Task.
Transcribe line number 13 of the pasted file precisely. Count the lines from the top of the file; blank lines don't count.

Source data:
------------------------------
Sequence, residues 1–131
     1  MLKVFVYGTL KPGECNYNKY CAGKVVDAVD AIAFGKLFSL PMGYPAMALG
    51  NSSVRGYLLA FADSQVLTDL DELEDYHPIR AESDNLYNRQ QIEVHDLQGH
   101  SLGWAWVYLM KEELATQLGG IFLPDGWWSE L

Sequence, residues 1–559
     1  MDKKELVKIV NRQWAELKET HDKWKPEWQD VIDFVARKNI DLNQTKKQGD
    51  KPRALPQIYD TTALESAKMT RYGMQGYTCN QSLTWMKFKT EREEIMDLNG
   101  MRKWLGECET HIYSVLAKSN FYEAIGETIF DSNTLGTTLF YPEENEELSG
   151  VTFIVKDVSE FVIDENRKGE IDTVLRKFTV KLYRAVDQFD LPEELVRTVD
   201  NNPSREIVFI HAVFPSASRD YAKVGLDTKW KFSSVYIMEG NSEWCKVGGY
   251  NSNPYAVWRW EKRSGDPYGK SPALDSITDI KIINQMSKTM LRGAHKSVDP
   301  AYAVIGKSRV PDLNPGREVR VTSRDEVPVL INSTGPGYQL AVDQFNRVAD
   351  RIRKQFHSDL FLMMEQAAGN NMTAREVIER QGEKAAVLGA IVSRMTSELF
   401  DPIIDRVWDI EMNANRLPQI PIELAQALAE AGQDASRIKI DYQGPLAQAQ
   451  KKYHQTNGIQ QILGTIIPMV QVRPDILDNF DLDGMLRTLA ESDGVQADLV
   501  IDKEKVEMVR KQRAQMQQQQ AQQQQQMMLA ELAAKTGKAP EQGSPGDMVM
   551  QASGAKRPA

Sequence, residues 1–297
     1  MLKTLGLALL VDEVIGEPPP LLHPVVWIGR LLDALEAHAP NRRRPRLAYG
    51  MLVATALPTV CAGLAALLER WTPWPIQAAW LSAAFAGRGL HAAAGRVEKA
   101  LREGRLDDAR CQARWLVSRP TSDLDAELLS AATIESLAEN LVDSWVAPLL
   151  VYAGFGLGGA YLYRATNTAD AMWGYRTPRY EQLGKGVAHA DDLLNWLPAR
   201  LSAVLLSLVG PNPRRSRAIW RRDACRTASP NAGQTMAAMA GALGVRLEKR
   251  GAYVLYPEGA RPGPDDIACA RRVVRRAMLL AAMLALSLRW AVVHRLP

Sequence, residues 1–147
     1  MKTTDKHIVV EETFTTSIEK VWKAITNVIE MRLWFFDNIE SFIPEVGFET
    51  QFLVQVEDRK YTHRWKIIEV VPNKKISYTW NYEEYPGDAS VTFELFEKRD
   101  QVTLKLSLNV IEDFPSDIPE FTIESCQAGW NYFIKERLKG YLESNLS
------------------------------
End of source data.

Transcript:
   351  RIRKQFHSDL FLMMEQAAGN NMTAREVIER QGEKAAVLGA IVSRMTSELF